My concern about the reading is the worry that planners seem to have about compensating someone for their property loss. I understand how requiring the government to pay for all cases of eminent domain can be very costly and how that means less power in conducting what is determined to be best for a space. It means an additional expense for the community involved and makes real the possibility of not having the resources to follow through with every eminent domain concern. However, the reality is that Americans expect to have rights to their property, and they expect safety in those rights. It is society’s structure that is meant to look out for general well being; citizens themselves are not responsible for another’s well being. Society is meant to function so that any selfish citizen can keep from abusing the rights of others by merely looking out for his own self interest because there are laws in place that threaten his attractive rights. With that being said, it is not entirely decided that an individual’s welfare is necessarily less important than that of the larger community because each well being is not mutually exclusive. They are both important. And if it is not necessary to ignore one well being for the other to succeed, then there should be no reason why either has to be in danger.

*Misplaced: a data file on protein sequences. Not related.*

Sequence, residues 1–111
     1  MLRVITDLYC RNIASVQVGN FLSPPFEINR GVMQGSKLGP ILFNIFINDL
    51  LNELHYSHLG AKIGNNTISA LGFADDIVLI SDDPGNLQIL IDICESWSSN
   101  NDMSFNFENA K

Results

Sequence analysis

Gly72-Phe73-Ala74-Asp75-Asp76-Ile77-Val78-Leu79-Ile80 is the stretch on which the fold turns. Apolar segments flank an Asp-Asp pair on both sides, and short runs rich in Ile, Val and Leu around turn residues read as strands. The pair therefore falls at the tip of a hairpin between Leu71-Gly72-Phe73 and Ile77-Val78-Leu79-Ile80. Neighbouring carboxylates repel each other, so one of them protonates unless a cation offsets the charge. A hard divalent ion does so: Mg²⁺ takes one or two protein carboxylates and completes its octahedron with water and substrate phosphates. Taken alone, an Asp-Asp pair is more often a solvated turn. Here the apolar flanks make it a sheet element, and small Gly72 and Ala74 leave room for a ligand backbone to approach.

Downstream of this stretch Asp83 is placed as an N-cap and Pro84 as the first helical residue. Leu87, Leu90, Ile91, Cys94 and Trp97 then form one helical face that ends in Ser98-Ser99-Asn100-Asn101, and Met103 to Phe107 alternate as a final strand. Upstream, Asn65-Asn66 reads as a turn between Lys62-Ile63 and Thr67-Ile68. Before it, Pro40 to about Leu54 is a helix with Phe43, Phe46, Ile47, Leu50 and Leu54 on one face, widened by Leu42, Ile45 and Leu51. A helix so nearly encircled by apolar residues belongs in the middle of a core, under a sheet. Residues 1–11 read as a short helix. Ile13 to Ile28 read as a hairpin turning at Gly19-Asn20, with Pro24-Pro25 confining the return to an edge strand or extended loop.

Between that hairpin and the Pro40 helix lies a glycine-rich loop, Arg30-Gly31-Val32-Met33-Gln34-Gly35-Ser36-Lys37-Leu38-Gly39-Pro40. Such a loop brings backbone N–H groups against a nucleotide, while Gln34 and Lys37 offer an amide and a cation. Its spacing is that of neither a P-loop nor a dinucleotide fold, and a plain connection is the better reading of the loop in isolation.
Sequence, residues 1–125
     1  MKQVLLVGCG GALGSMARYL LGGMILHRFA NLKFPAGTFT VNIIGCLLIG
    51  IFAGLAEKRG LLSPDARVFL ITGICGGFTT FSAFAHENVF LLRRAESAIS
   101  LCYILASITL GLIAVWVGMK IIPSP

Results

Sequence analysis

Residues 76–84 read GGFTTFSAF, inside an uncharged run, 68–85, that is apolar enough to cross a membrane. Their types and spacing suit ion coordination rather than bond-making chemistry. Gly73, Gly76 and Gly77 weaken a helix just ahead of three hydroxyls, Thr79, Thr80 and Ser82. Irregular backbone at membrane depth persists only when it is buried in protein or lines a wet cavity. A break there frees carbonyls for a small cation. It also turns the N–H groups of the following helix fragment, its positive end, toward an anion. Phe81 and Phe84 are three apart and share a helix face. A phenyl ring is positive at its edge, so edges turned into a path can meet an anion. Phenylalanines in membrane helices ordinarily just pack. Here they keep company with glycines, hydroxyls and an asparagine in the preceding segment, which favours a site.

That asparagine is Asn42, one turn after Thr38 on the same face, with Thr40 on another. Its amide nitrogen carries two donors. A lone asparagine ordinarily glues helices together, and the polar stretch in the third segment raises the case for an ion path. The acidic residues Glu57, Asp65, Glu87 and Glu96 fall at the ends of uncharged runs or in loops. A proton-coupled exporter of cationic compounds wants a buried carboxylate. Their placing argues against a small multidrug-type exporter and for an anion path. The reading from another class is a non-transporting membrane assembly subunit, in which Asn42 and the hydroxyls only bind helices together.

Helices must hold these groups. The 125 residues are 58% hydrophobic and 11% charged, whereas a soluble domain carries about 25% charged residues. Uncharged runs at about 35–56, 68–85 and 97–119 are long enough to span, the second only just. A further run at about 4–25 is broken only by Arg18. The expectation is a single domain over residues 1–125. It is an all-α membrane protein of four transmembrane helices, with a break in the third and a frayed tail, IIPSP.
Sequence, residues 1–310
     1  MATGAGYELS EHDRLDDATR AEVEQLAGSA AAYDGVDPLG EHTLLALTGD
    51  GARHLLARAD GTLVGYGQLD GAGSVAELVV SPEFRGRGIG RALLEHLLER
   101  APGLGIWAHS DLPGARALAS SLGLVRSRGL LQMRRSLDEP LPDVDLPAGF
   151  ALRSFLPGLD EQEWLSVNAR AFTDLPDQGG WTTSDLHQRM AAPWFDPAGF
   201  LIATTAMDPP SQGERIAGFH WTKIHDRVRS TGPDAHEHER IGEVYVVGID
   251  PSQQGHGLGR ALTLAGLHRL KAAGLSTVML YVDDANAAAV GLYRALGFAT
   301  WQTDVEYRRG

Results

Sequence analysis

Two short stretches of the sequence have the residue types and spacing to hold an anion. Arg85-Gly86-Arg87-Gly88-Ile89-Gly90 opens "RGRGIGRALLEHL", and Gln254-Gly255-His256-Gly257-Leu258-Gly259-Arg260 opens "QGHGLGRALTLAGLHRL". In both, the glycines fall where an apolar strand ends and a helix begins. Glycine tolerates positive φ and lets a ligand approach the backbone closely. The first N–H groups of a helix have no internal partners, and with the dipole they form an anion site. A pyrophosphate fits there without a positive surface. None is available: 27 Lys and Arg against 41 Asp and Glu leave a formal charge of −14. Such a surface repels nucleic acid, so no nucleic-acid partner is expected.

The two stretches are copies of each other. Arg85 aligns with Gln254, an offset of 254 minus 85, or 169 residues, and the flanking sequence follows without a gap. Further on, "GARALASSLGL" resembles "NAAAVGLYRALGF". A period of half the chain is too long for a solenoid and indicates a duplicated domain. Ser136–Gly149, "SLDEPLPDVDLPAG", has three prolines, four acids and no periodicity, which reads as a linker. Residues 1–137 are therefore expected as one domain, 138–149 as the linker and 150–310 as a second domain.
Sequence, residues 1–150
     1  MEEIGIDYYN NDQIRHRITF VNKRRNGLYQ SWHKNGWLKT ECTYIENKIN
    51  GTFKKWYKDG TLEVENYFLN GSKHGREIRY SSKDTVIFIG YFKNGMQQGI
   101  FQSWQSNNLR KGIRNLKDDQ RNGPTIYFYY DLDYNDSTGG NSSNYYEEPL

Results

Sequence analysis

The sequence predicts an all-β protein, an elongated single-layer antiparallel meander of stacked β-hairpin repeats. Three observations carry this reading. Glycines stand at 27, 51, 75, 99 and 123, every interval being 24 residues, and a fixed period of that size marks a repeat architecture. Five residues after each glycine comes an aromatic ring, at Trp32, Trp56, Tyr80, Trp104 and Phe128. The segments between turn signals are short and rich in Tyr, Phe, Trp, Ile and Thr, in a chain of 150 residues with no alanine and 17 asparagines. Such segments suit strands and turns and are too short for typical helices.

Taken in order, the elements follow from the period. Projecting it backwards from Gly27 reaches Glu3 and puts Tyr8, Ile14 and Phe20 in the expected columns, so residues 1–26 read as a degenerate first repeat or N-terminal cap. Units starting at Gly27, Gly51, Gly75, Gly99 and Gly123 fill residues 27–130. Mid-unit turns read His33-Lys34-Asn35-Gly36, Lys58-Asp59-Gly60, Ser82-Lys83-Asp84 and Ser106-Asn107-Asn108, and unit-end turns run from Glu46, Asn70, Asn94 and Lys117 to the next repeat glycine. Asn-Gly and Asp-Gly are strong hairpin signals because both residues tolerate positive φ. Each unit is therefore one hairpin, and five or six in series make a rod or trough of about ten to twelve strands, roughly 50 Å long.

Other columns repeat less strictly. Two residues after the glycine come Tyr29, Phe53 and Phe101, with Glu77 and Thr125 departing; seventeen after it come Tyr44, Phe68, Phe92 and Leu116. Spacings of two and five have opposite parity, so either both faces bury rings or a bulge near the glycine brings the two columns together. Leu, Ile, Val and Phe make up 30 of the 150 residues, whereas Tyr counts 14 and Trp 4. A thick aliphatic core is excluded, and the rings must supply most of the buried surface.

It should not be difficult for planners and designers to get creative, but it might be challenging to express that creativity when it goes beyond their job. Law makers may be great at what they do but to be stuck on the fact that situations are hard is rather shortsighted. The world is not black and white, all or nothing. There are interests and marginalism to play with. Paying someone less than market value for their property is better than getting no compensation at all. Even an IOU would be better, although there might be many other methods of compensation the government can provide that do not involve money. But beyond that, laws can further be created to make selling or buying (perhaps even at market value) attractive enough so that the government does not need to go into its own pockets. Lingering on the distinction between police power and eminent domain is petty if there is no learning or growth involved. There are more creative ways to maintain good communities without having to make someone question their rights.